In October, the U.S. Preventive Services Task Force (USPSTF) openly questioned the value of PSA tests to screen for prostate cancer, saying there is insufficient evidence to suggest the PSA blood test is useful as a screening method and may do more harm than good.
The recommendation has created lingering questions for the estimated 30 million men who undergo PSAs every year.
The Doctor’s Tablet presents two sides of the PSA debate beginning with Arnold Melman, M.D., professor of urology at Einstein. Here are his thoughts on the USPSTF’s recommendation.
A terrible injustice is being perpetrated on men by the recommendation of the United States Preventive Services Task Force against the use of prostate-specific antigen (PSA) testing. Unfortunately the misguided recommendation, if followed, will set men back to experience the miseries of those with prostate cancer in the pre-PSA era.
In 1970, when I began my career in urology, no accurate blood markers were available to detect prostate cancer. At that time, nearly half of the men who presented with prostate cancer already had metastatic disease in their bones and lungs. They had bladder and kidney obstruction, and significant urinary bleeding and infection. Those complications caused misery and required extended treatment with long hospital stays at great expense to the patient and the government. Since the era of PSA testing began, that scenario has rarely happened.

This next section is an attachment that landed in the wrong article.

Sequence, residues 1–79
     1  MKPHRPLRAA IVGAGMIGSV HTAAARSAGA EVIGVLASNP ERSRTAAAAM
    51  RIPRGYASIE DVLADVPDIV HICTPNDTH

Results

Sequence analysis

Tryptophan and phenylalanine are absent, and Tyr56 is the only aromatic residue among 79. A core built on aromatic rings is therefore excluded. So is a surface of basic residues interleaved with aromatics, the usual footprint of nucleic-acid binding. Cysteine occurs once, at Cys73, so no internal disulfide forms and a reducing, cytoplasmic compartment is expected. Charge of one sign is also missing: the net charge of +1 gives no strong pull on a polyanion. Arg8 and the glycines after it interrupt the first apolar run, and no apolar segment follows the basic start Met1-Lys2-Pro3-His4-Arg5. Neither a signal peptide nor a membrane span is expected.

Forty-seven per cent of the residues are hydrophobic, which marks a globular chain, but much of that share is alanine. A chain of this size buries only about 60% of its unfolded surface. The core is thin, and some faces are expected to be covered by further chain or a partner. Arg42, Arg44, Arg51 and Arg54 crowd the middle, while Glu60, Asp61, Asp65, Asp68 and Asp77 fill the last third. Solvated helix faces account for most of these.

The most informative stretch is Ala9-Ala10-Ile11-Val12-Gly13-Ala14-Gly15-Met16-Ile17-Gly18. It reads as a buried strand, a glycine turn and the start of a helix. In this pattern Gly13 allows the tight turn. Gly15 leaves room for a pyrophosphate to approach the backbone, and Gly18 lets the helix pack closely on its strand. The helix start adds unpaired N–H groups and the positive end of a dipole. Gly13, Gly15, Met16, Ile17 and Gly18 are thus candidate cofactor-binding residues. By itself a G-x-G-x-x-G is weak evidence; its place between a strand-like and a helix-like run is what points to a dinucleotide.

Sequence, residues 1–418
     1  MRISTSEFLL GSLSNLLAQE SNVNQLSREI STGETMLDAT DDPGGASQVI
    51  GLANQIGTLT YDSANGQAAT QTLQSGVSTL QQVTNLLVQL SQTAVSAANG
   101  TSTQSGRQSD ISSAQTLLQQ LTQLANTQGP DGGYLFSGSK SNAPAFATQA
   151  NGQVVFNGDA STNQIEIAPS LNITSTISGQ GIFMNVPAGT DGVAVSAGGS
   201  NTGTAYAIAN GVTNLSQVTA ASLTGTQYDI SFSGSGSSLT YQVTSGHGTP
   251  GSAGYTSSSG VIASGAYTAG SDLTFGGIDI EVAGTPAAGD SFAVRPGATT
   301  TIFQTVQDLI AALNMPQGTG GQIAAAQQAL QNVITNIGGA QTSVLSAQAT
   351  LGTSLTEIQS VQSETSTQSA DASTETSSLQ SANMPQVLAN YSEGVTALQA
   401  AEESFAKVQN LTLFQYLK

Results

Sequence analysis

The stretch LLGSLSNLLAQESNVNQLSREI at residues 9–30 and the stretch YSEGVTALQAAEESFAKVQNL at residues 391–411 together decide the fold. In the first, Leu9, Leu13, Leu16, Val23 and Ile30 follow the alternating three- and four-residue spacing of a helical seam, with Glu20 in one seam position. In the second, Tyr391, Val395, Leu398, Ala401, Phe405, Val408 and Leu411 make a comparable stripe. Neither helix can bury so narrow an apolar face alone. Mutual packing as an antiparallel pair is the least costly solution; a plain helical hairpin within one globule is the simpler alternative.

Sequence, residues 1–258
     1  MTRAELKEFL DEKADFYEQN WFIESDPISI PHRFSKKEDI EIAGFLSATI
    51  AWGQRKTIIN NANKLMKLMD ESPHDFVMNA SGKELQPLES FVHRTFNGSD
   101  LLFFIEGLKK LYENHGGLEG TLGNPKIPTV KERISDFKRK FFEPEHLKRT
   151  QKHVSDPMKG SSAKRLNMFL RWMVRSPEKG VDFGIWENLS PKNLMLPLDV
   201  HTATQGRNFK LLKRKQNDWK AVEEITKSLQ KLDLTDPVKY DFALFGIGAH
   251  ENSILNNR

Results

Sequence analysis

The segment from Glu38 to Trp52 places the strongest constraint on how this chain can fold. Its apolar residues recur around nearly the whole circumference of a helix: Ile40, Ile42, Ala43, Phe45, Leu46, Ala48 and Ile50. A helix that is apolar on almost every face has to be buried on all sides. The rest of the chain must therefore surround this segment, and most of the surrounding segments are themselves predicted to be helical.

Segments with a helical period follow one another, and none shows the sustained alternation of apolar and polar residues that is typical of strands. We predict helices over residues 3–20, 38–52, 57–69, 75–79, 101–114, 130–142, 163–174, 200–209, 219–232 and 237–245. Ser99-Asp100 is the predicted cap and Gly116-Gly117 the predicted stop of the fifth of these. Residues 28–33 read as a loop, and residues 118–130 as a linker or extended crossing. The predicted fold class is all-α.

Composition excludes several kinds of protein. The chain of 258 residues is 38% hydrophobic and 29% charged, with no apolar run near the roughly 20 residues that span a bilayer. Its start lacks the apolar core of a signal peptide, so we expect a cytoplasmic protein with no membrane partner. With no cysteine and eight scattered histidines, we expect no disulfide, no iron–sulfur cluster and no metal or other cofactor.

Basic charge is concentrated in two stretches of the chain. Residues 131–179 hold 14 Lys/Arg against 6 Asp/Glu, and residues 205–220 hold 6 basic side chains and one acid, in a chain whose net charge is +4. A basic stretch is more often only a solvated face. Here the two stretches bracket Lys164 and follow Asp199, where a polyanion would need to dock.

My urology residents are taught about historical clinical problems that manifested before PSA was available. Yes, it is true that despite PSA tests we cannot cure everyone diagnosed with the disease with surgery or radiation. However, the secondary damage of growth of the cancer at the prostate (such as the blockage and bleeding) is arrested in most men by those therapies. Yes, many may have slow-growing disease that allows other problems to kill them before the prostate cancer does. And, yes, sometimes it is difficult to separate benign from malignant conditions.
But it is critical to understand that early diagnosis as a result of PSA testing followed by appropriate curative therapy greatly improves the quality of life for the majority of those men for many years even if they do develop metastatic disease. This is not mentioned by the task force, which primarily speaks to the issues of survival and cost while neglecting concern for adverse quality of life of untreated or advanced disease.
The pediatricians, public health doctors and internists who compose the panel are not urologists and do not have hands-on experience caring for men with the complications of prostate cancer. The numbers of men with advanced disease will expand if the gains of PSA testing are abandoned or minimized. Until a better, more-specific test is developed, PSA measurement, when used appropriately by knowledgeable people, can help save lives through early diagnosis and appropriate treatment and improve quality of life.
Editor’s Note: Be sure to come back to The Doctor’s Tablet on Thursday, Feb. 23, when we’ll present another side of the debate over the USPSTF’s recommendation.